What follows below is an updated version of my original ‘big ideas’. I do not claim this to be an exhaustive list nor do I believe that it cannot be improved upon. But I do think it might serve as good starting point to work from to get the notion of big ideas into chemistry.
Each big idea will be stated first compactly in ‘human terms’. For me this continues to ‘connect’ well. This will be followed by a short exposition of that idea as it would be presented to the student in the introductory chapter. The same big idea in chemical terms follows. This will allow for an immediate comparison. This would however appear at an appropriate point in the course and would be prefaced by a restatement of the human big idea. A second exposition, now in chemical terms and directed toward concept development, follows; there is necessarily some repetition of what was in the preceding section. Both of these expositions ‘for the student’ are representative of how I would have endeavored to convey this idea to the student. The analogies and examples necessarily reflect my peculiarities and prejudices. I am certain that numerous other ways, some undoubtedly better, would accomplish the same goal. I would highly encourage that endeavor to be one of another goal of this paper.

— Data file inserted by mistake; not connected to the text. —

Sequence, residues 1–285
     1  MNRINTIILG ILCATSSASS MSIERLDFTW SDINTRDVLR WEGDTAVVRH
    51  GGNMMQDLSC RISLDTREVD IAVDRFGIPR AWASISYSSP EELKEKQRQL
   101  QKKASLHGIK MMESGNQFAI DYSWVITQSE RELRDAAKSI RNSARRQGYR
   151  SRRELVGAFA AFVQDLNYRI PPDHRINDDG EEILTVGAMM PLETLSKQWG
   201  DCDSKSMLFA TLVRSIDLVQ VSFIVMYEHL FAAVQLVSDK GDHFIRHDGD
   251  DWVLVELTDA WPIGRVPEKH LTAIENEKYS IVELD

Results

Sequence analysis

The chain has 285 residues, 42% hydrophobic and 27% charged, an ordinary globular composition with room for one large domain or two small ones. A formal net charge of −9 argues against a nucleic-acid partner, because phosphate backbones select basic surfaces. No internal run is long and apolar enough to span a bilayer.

Up to this point the big idea has been addressed to the student. What follows after this is commentary for the audience of this paper. First is a detailing of how this idea can be further developed in general chemistry, in some instances what I did in my course. The ‘legs’ into other areas of chemistry of the big idea will complete the discussion. Because I also taught biochemistry the ‘legs’ discussion unavoidably will focus on applications of these big ideas to that subdiscipline of chemistry.
Before I start I need to clarify how certain words will be used. Humans will be referred to as individuals as well as a species. Likewise matter will be used as a general term and chemical, substance or chemical substance will be used as more specific terms.
1-Student: There are certain fundamental rules as to what constitutes ‘human’